Ski Instructor and Snowboard Instructor Training

American Association of Snowboard Instructors (AASI)

The AASI bills themselves as a close-knit group of full-time and part-time instructors dedicated to reaching the highest levels of performance within the snow sports industry.
To find out more information, visit their website at www.thesnowpros.org/.

PSIA Certification

PSIA membership and certification has many benefits, including better pay scales, faster promotions, PSIA clothing discounts, a subscription to 32 Degrees magazine, and more.

For more information write or call:

Professional Ski Instructors of America
133 South Van Gordon, Suite 101
Lakewood, CO 80228
(303) 987-9390

Testing clinics and information are also available at one of the nine PSIA offices:

PSIA-NI
Northern Intermountain
PO Box 548
Burley, ID 83318
(208) 678-8347

PSIA-A
Alaska Division
PO Box 243491
Anchorage, AK 99524-3491
(907) 277-7715
Website: www.psia-a.org

PSIA-NRM
Northern Rocky Mountain
PO Box 11392
Bozeman, MT 59719
(406) 581-6139
Email: [email protected]
Website: www.psia-nrm.org

PSIA-C
Central Division
10701 West North Avenue, Suite 12
Wauwatosa, WI 53226
(414) 476-2400

PSIA-E
Eastern Division
1-A Lincoln Avenue
Albany, NY 12205-4900
(518) 452-6095

PSIA-NW
Northwest Division
11204 Des Moines Memorial Drive
Seattle, WA 98168
(206) 244-8541

PSIA-I
Intermountain Division
2855 Pamela Drive
Salt Lake City, UT 84121
(801) 942-2066

PSIA-RM
Rocky Mountain Division
PO Box 5143
Steamboat Springs, CO 80477
(303) 879-8335

PSIA-W
Western Division
8526 North Bond
Fresno, CA 93720
(209) 431-8419

Canadian ski instructors or those wishing to get certified might wish to contact the following organization:

Canadian Ski Instructor Alliance
774 Decarie Boulevard, Suite 310
St. Laurent, Quebec H4L 3L5
CANADA
(514) 748-2648

PSIA Certification

Many years ago, instructors were categorized as registered, associate, or certified instructors.

The current terminology is Level I, Level II, and Level III certified.

Whereas registered instructors simply had to pay a membership fee, Level I instructors must pass a basic knowledge exam, which can be administered by the technical director of a member ski school. Level II, formerly the associate level, involves a two-day exam, both on the hill and in writing, that covers basic teaching methodology, skill level progressions, and an on-hill review of the candidate’s skiing ability. Level III, previously called the “full-cert” level, also involves a two-day exam but entails a much more rigorous examination of the instructor’s knowledge and skills. While ski school training directors seriously attempt to fully prepare exam candidates, only 60 percent of candidates pass the Level II exams and only 40 percent pass the Level III exams. Most successful Level III instructors have four to five years of prior teaching experience.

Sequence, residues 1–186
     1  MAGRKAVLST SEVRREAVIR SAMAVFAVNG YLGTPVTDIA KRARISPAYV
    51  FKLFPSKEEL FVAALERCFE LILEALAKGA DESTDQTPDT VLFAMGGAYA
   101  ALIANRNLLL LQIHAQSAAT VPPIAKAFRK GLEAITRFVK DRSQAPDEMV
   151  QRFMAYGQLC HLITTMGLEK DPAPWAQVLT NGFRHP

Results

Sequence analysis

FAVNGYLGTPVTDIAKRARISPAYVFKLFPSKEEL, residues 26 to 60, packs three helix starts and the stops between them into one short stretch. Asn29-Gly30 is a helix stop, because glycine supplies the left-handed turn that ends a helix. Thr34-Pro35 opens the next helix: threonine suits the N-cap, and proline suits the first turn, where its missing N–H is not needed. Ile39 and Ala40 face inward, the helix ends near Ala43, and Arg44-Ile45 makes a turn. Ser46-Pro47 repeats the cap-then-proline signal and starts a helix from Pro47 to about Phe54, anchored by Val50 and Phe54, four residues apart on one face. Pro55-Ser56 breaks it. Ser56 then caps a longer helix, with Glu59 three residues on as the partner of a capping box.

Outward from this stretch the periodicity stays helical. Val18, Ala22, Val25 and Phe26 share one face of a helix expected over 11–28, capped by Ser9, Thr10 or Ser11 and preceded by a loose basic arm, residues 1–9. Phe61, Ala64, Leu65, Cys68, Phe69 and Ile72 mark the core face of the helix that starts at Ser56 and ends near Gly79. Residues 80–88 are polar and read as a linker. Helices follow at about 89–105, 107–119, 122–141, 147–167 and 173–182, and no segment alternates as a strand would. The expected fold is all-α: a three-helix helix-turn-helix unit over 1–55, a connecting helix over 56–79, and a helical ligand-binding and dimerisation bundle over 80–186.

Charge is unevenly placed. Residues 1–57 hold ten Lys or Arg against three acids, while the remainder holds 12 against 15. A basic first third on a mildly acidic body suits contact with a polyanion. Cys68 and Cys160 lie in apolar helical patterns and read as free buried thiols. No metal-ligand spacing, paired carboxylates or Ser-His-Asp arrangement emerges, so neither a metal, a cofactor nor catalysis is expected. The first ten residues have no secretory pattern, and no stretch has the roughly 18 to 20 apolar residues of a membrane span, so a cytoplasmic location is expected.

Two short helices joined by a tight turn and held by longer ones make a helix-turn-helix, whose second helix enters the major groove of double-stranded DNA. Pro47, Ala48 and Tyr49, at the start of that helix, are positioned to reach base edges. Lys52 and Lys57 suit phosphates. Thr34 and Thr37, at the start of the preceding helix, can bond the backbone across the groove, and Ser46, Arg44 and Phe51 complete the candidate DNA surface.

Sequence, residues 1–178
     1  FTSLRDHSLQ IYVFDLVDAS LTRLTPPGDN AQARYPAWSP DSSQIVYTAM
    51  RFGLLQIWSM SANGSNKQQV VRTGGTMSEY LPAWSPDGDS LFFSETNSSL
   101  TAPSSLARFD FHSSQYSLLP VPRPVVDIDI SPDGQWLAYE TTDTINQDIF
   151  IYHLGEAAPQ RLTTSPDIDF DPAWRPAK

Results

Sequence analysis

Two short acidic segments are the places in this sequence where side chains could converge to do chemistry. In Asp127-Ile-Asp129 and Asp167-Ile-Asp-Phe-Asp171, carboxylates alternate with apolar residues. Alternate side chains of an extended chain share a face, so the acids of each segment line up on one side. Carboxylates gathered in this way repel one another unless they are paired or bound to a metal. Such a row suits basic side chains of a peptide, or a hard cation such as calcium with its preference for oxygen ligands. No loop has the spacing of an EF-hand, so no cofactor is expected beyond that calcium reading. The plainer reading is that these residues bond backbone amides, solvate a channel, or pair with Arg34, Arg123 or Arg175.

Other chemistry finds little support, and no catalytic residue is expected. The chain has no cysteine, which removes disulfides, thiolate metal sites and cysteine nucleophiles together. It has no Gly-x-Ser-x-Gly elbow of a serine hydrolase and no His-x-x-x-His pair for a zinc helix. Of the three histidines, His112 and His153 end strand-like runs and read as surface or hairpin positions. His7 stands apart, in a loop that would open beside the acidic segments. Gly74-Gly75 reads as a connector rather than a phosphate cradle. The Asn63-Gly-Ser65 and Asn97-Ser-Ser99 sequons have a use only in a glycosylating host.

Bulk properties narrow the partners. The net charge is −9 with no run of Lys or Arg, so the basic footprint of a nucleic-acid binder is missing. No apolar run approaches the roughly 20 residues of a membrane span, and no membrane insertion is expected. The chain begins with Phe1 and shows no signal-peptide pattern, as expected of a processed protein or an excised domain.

Certification exams are based on the American Teaching System (ATS). ATS is a student-centered framework for ski teaching that is grounded in biomechanics and teaching and learning theory. It is composed of both a skiing model and a teaching model.

The ATS skiing model is skills-oriented with students learning how to integrate pressuring, edging, and rotary movements in a balanced position. The teaching model helps instructors conduct classes by providing a structure referred to as Center Line. Center Line structure focuses instruction on specific skills to be emphasized and developed at each ability level, from beginner through expert racer.

Exams are usually administered twice a year within each division, the fall exam being the most challenging since candidates generally have had little or no on-snow teaching time since the previous spring. When one of the authors took his “cert” exam in the fall, for example, only he and three others passed the test out of a group of twenty-three examinees.

Instructors are graded in three areas: skiing skills, technical knowledge, and teaching ability. A candidate receives a pass or fail mark in each area. To succeed, however, a candidate must pass in all three areas. While most examiners sincerely hope for every candidate to pass, examiners are trained to objectively evaluate ski instructional skills.

For some, certification is a trial to be endured. For the experienced and prepared instructor, however, it can be an opportunity to shine by pulling out the “big bag of tricks.” Regional offices of the PSIA sell a range of technique books, and some rent training videos to members.

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